What is Amazon Sidewalk and How to Opt Out?

Back in September 2019, Amazon announced Sidewalk, the company’s ambitious effort to improve the reliability of smart home devices. After years of development, Sidewalk is finally ready, and the rollout starts from 8th June for customers in the United States. Now, if you are wondering what Amazon Sidewalk is all about, how does it work, and whether you should opt out of using it or not, you have come to the right place. Read on till the end to know the benefits and disadvantages of using Amazon Sidewalk.

Amazon Sidewalk Explained (2021)

Before we begin, it is worth mentioning that Amazon Sidewalk is available only for users in the United States right now. Amazon has no word on the availability of Sidewalk in other regions. If you are reading this from India, don’t look for Sidewalk in the Alexa app as it isn’t live just yet. With that out of the way, here’s all you need to know about Amazon Sidewalk.

What is Amazon Sidewalk?

Amazon Sidewalk is essentially a shared network aimed at keeping your smart devices connected to the internet even when your connection is down or the signal is weak. This technology extends the internet connection from your house to the sidewalk, enabling IoT devices (not only your but also your neighbors) to work more efficiently and accurately over a longer distance. Bluetooth and Wi-Fi do not offer such a range at the moment.

Sidewalk achieves this by sharing a small portion of your internet with nearby Amazon devices and creating a crowd-sourced mesh network in the process. Pitched as a free solution to increasing the range of low-cost, low-bandwidth devices to stay online even when they are not connected to the home network, Sidewalk operates in the 900 MHz LoRa (Long Range) spectrum.

How Does Amazon Sidewalk Work?

Amazon Sidewalk primarily consists of five components – Sidewalk Bridges, Sidewalk Endpoints, Sidewalk Network Server, Application Servers, and Packets. Check out brief explanations of these components below:

  • Sidewalk Bridges

Also known as Sidewalk Gateways, it is used to connect with Sidewalk’s Network servers and the Endpoint. These are Amazon Echo devices that use 900 MHz LoRa spectrum with Frequency-Shift Keying (FSK) and Bluetooth Low Energy (BLE).

  • Sidewalk Endpoint

Sidewalk-enabled devices, also known as Endpoints, connect to the bridges and utilize the Sidewalk network. Examples for Endpoints include low-power smart products such as door locks, smart lights, and more. It is worth mentioning that Sidewalk Gateways can also act as an endpoint.

  • Sidewalk Network Server

Sidewalk Network Server ensures the legitimacy of incoming packets and routes packets to the right destination. Amazon operates these Sidewalk network servers.

  • Application Servers and Packets

Application Servers host the Sidewalk endpoints. Sidewalk endpoint manufacturer, which can either be Amazon or an authorized third-party, manage the application servers, says Amazon on its official FAQ page. Lastly, packets are messages transmitted via endpoints.

Now you must be wondering, how does this all come together? Well, the Sidewalk bridges (Echo devices or Ring cameras) provide a connection to Sidewalk-enabled devices — not only yours but also others. That means your security camera, item tracker, or smart light would remain operational outside of Wi-Fi range, thanks to Amazon’s wireless network.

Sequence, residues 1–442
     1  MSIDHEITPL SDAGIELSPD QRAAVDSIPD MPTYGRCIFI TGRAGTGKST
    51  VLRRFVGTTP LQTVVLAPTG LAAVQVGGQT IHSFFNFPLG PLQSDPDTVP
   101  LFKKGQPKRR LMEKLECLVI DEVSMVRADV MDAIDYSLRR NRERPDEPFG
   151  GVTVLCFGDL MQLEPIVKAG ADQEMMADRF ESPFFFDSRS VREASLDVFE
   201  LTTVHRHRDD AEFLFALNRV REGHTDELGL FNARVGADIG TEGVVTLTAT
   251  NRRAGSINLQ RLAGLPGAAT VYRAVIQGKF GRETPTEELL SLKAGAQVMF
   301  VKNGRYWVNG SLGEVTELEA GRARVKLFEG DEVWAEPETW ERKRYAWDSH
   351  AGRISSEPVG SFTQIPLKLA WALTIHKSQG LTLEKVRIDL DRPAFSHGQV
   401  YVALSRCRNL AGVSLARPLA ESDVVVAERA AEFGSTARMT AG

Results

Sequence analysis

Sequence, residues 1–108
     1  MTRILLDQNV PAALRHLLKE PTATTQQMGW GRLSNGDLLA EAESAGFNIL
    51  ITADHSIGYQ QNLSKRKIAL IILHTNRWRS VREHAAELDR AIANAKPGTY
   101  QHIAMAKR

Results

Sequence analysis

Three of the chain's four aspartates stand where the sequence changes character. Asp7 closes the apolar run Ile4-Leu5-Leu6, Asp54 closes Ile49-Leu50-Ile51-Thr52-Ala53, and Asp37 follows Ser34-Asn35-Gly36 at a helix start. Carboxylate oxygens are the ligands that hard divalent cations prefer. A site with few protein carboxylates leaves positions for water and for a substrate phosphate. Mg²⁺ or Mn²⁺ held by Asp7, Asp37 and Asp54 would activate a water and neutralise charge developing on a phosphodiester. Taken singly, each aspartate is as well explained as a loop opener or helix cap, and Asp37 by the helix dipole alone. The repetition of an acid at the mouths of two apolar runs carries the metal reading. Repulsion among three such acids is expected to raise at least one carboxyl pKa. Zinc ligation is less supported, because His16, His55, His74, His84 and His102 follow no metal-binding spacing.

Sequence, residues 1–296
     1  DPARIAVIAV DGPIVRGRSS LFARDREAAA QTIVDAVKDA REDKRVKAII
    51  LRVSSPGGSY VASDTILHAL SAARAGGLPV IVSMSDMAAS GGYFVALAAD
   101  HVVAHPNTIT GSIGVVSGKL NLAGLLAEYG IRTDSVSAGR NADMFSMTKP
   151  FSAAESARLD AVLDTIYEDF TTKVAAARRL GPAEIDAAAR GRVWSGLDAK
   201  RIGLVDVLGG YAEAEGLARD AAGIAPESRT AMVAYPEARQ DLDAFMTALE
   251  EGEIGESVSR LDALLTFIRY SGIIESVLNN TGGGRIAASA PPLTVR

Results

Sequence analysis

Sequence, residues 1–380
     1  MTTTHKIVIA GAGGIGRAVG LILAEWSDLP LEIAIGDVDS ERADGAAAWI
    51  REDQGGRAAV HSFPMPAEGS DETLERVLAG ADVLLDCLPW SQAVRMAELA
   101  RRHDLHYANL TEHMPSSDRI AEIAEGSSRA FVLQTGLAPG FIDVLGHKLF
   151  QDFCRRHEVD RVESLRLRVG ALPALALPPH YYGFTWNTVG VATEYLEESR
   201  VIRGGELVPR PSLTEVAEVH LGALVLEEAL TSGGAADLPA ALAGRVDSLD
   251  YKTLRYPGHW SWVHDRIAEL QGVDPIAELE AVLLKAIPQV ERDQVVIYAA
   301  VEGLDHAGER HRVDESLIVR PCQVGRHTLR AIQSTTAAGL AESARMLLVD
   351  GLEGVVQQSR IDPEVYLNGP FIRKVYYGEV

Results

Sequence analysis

As I mentioned earlier, this wireless technology shares a small portion of your internet with other Sidewalk-enabled devices. According to the company, the maximum bandwidth of a Sidewalk Bridge is capped at 80Kbps. In addition, the total monthly data allowed for Sidewalk devices is only 500MB. To put that in perspective, Amazon says it is roughly equivalent to streaming about 10 minutes of HD video. That means enabling

Amazon Sidewalk: Benefits

amazon sidewalk - new device setup

The most obvious benefit and Amazon’s pitch to Sidewalk is the added convenience. You can easily use and control Sidewalk-enabled devices without your primary active internet connection. It should prove helpful, say if you use a smart door lock and your home Wi-Fi is down.

On its support page, Amazon points out that select Ring cameras can continue to get motion alerts while your internet is down, thanks to Sidewalk. What’s more, with the integration of Tile trackers, missing pets, keychains, or wallets will be easier to track even when they are out of Wi-Fi range. Echo devices can connect to Tile trackers within a range of approximately 30 ft.

Another benefit worth mentioning is that Amazon is partnering with Careband, a company that makes wearable products for people with dementia. Through this partnership, Sidewalk’s long-range connectivity will benefit CareBand’s wearables to enable features including indoor and outdoor activity tracking, a help button, and automated analysis of activity patterns without requiring a smartphone.

Amazon Sidewalk: Supported Devices

At launch, Amazon Sidewalk will only support first-party devices, including Echo smart speakers and Ring cameras. However, the popular item tracker Tile will join Sidewalk from 14th June. In total, the following devices have Amazon Sidewalk support:

Sidewalk Bridges

  • Echo (3rd gen and newer)
  • Echo Dot (3rd gen and newer)
  • Echo Dot for Kids (3rd gen and newer)
  • Echo Dot with Clock (3rd gen and newer)
  • Echo Plus (all generations)
  • Echo Show (all models and generations)
  • Echo Spot
  • Echo Studio
  • Echo Input
  • Echo Flex
  • Ring Floodlight Cam (2019)
  • Ring Spotlight Cam Wired (2019)